Florida lawmaker talks change after mass shootings
Rep. Darren Soto visits The Weekly
ORLANDO, Fla. – Members of Congress are away from Washington, D.C. and back in their home states and districts, but following the mass shootings in El Paso, Texas and Daytona, Ohio, there were calls for the Senate to reconvene as some Democratic members urged them to pass gun control legislation.
U.S. Rep. Darren Soto (D) joined anchor Justin Warmoth on "The Weekly on ClickOrlando.com" to discuss what he'd like to see happen when lawmakers head back to the Capitol.
Here's a portion of the interview:
Warmoth: "Is this a time, in light of the recent shootings in El Paso and Dayton, that you wish you were up in Congress to make something happen?"
Soto: "We've already passed two background check bills, one that closes the gun show loophole and basically requires every sale to have a background check. The second closes the Charleston loophole, where if you don't get your investigation back quick enough, you don't automatically get your gun. That's what happened in the case of Charleston where the gentleman literally put in the wrong address to get a gun through that loophole. So, I think the Senate has plenty to do just to pass those, but there's more work to be done. If the speaker called us back, I'd be the first one on that plane to deal with assault weapons, extended magazine clips and red flag laws. There's work that the House could do, but either way, we'll be ready to go."
Warmoth: "I saw some calls for the Senate to reconvene. Were you behind those calls?"
Soto: "I support those calls, but those are also from a lot of gun rights groups and from, frankly, Americans across our country. We saw in 24 hours more than 20 people dead. Again, it's assault weapons over and over again. And now there's a white nationalist tinge to it that we see getting increasingly common."
Warmoth: "Yeah, we're seeing a lot more white nationalist rhetoric coming out. Is that concerning to you?"
Soto: "Without question. We're getting to be a more diverse nation, but we're also a nation that appreciates all different folks from all different cultures and races. I think when you see some of the rhetoric coming out from some of the president's speeches where he talks about words like 'invasion' and 'alien' and calling other people 'rapists' or terrible names for countries, it lowers the sensitivity we have for each other. And it also causes some people who have already harbored racist feelings to get supercharged and go and hurt people. Obviously we have to tone down the high hateful rhetoric that's going on right now and realize we have major issues in this country that we have to solve, but we need to be professional while we're doing it."
Warmoth: "Some Democratic colleagues of yours have called the president a racist. Do you believe President Trump is a racist?"
Soto: "So, I don't name-call, but I can tell you he has made racist statements, like telling four members of Congress -- three of whom were born in the United States -- to go back to where they came from. And the fourth one is a citizen. Saying people on both sides of the Charlottesville white nationalist march were good people and denying that this kind of rhetoric is fueling some of these shooters, those are racist statements, but I don't name-call, so I'll let the American public make those determinations."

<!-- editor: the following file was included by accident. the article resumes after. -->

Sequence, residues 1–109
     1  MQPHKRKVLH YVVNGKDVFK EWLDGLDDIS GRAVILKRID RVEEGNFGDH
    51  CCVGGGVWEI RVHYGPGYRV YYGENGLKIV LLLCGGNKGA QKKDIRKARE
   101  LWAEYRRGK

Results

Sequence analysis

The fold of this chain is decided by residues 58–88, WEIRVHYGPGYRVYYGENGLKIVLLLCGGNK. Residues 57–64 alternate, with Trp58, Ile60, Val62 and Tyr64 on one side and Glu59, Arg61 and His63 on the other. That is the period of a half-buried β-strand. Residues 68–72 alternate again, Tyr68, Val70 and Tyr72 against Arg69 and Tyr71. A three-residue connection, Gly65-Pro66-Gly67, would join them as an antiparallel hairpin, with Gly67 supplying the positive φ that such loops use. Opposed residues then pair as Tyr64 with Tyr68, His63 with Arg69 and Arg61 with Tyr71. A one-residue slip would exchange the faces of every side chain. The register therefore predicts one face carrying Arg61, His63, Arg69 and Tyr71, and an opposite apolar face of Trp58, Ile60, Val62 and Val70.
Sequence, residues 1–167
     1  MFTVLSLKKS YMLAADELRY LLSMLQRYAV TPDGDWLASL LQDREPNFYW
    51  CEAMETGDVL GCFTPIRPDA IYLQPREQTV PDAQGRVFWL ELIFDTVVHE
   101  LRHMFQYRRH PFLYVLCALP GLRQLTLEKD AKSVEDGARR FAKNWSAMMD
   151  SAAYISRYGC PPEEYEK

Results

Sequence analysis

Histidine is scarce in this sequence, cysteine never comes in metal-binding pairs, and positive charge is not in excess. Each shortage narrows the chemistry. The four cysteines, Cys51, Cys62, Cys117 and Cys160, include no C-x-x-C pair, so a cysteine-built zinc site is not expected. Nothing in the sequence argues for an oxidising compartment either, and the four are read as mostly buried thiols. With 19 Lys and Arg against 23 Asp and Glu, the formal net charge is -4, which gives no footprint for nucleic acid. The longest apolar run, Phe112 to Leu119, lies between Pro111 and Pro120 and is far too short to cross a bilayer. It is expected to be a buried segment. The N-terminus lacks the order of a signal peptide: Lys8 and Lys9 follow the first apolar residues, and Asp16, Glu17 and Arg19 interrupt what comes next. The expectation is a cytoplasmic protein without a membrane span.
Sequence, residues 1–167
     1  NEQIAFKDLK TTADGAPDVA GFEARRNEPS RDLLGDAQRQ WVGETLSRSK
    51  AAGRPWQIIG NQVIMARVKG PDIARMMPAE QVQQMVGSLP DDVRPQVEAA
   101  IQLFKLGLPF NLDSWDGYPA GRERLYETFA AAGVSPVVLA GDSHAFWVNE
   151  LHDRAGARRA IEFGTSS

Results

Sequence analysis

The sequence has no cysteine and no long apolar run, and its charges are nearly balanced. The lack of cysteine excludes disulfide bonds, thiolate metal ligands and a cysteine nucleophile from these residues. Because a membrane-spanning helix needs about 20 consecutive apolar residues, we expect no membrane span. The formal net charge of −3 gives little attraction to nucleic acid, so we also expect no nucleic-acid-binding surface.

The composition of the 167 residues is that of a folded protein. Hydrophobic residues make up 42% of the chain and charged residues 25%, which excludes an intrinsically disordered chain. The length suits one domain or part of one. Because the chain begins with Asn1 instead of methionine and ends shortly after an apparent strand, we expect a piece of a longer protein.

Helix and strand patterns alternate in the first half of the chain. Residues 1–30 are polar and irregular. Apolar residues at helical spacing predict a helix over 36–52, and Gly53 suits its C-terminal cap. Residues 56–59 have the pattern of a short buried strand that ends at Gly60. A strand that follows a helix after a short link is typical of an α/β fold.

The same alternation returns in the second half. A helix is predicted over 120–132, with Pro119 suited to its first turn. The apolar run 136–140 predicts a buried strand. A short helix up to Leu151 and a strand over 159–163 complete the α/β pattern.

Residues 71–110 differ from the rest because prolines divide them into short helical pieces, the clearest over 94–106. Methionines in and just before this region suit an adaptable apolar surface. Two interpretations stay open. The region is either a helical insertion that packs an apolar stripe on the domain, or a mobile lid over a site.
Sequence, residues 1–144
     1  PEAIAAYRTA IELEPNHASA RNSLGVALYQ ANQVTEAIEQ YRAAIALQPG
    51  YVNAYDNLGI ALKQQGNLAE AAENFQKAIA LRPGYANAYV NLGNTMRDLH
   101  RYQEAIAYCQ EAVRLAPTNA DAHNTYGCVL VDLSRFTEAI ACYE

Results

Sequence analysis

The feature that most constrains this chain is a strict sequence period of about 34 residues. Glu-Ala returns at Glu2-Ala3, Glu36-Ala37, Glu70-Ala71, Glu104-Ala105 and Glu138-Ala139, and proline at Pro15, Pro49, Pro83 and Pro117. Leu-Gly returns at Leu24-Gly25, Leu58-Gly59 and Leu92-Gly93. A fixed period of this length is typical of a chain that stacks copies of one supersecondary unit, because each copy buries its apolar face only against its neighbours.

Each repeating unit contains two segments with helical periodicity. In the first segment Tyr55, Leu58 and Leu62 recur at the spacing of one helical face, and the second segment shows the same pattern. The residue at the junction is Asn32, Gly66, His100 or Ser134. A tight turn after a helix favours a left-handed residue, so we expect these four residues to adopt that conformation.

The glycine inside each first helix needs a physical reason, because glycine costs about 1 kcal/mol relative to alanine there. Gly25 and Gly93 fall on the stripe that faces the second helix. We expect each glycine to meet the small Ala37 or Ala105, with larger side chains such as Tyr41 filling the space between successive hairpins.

Warmoth: "Let's go back to guns and what you believe ultimately would do some good, in your eyes, as far as gun control measures. Is there anything that needs to happen right away? Is that universal background checks, is that one? The red flag law? Is that going to necessarily end these mass shootings?"
Soto: "There's multiple things that need to happen to lower these mass shootings, but let's start with those that are hugely popular and bipartisan. Ninety percent of Americans -- Democrats, Republicans and Independents -- support universal background checks. We've passed that bill out of the House. It's time for the Senate to act. Closing the Charleston loophole, so again we don't have people who are already not allowed to have guns under the law not get them that, again, is bipartisan and overwhelmingly possible. We can do those things. In Florida, we already passed a red flag bill for those who may be threatening to cause injury to themselves and others. It's much like our domestic violence injunctions that also allow for law enforcement to take away guns under court supervision. So, a court has to make a decision and it's temporary. Let's bring that nationwide. And then there's the tougher issues that, I believe at least, lessen the amount of carnage that a shooter can deliver, which is re-instituting the assault weapons ban. You know, we had that in place from 1994 until 2004. After 2004, we saw the deaths in mass shootings triple, and it may be getting closer to quadrupling now with the number of mass shootings. We didn't see these headlines. We didn't see these newscasts every day about mass shootings back during that period. This is a newer phenomenon over the last 10 years. And of course, extended magazine clips. Those two things, in particular, which are the hardest to do because there's less bipartisan support for them, those would make sure that a civilian can't wield a weapon of war in a crowded area and take down as many people as possible as opposed to a handgun or shotgun or things that are part of more personal firearms that we've had in the tradition of America. We would not ban anything like that, but these weapons of war don't belong in civilian hands."
Soto also discussed last month's turmoil in Puerto Rico, federal legislation he filed to address guardianship issues and how tariffs imposed on Mexico by the Trump administration are affecting farmers.
Watch the full interview Sunday at 8 a.m. on News 6.
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